“But, by a strange coincidence, this rational fear of danger was taking shape in my mind at a moment in which In the past the fear of no longer being myself was something that had terrified me, and this had made me dread the end of each new love that I had experienced, because I could not bear the idea that the “I” who loved them would one day cease to exist, since this in itself would be a kind of death. But by dint of repetition this fear had gradually been transformed into a calm confidence. So that if in those early days, as we have seen, the idea of death had cast a shadow over my loves, for a long time now the remembrance of love had helped me not to fear death. For I realized that dying was not something new, but that on the contrary since my childhood I had already died many times. To take a comparably recent period, had I not clung to Albertine more tenaciously than to my own life? Could I at the time when I loved her conceive my personality without the continued existence within it of my love for her? Yet now, I no longer loved her, I was no longer the person who loved her but a different person who did not love her, and it was when I had become a new person that I had ceased to love her. And yet I did not suffer from having become this new person, from no longer loving Albertine, and surely the prospect of one day no longer having a body could not from any point of view seem to me as sad as had then seemed to me that of one day no longer loving Albertine, that prospect which now was a fact and one which left me quite unmoved. These successive deaths, so feared by the self which they were destined to annihilate, so painless, so unimportant once they were accomplished and the self that feared them was no longer there to feel them, had taught me by now that it would be the merest folly to fear death..."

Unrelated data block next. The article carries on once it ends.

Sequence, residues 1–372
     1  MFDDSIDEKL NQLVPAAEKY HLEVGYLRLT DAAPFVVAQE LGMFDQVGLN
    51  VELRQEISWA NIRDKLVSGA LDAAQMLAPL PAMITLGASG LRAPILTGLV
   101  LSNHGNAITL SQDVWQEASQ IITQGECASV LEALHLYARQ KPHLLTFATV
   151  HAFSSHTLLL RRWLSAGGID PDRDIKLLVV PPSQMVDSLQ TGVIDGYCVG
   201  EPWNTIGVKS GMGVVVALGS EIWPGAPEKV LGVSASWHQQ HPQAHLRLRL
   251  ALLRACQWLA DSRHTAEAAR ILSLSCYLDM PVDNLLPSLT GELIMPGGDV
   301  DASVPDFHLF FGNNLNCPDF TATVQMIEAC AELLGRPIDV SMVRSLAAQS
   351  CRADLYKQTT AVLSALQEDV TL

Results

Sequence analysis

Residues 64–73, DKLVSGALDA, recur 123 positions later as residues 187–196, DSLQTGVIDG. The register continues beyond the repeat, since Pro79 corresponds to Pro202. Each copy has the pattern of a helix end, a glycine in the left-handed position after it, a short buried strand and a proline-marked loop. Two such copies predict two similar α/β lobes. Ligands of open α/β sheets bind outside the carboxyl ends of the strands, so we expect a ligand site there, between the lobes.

It goes on a bit longer, but you get the point. Incidentally, I really love the idea of successive selves dying throughout life. Part of Proust's interest in these novels is in the ways we try to spatialize time: to understand experiences in time as limited and boudned in the same way objects in space are- a doomed enterprise because experiences in time are never isolated from the past, and really not from the future either. His interest in this subject, incidentally, comes from the philosopher Henri Bergson, who wrote a whole book on the topic. In a way, In Search of Lost Time is how Proust does philosophy in response to this and a number of other philosophical issues.

Of course, some paragraphs are more striking than others, but if you read them at random, it soon becomes evident that Proust made some striking insight on every single page of a work that runs to over 4,000 pages in the Modern Library edition. There’s really nothing comparable in literature and sadly one must note that there’s no blogger in the world who writes anything like Proust.

However, there’s no reason that shouldn’t change. Every aspiring writer should read these books because they teach us not only how to write, but how to do philosophy in our everyday life, and thus they provide one map to thinking.